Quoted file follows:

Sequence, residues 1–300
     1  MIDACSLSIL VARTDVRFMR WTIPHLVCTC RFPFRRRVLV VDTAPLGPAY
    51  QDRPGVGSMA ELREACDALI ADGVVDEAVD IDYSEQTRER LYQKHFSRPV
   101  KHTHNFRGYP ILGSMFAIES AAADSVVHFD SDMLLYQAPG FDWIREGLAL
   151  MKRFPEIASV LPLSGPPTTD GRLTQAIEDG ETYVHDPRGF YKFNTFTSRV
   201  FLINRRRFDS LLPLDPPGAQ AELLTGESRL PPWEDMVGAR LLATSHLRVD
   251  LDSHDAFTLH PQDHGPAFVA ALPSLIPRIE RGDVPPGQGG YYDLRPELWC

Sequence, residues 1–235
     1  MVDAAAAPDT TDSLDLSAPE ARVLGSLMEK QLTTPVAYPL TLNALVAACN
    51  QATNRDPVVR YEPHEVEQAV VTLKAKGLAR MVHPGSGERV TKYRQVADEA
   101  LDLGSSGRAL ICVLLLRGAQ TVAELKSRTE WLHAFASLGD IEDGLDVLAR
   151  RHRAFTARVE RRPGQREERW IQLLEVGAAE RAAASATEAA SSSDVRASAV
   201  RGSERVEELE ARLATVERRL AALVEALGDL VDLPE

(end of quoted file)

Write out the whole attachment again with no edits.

Sequence, residues 1–300
     1  MIDACSLSIL VARTDVRFMR WTIPHLVCTC RFPFRRRVLV VDTAPLGPAY
    51  QDRPGVGSMA ELREACDALI ADGVVDEAVD IDYSEQTRER LYQKHFSRPV
   101  KHTHNFRGYP ILGSMFAIES AAADSVVHFD SDMLLYQAPG FDWIREGLAL
   151  MKRFPEIASV LPLSGPPTTD GRLTQAIEDG ETYVHDPRGF YKFNTFTSRV
   201  FLINRRRFDS LLPLDPPGAQ AELLTGESRL PPWEDMVGAR LLATSHLRVD
   251  LDSHDAFTLH PQDHGPAFVA ALPSLIPRIE RGDVPPGQGG YYDLRPELWC

Sequence, residues 1–235
     1  MVDAAAAPDT TDSLDLSAPE ARVLGSLMEK QLTTPVAYPL TLNALVAACN
    51  QATNRDPVVR YEPHEVEQAV VTLKAKGLAR MVHPGSGERV TKYRQVADEA
   101  LDLGSSGRAL ICVLLLRGAQ TVAELKSRTE WLHAFASLGD IEDGLDVLAR
   151  RHRAFTARVE RRPGQREERW IQLLEVGAAE RAAASATEAA SSSDVRASAV
   201  RGSERVEELE ARLATVERRL AALVEALGDL VDLPE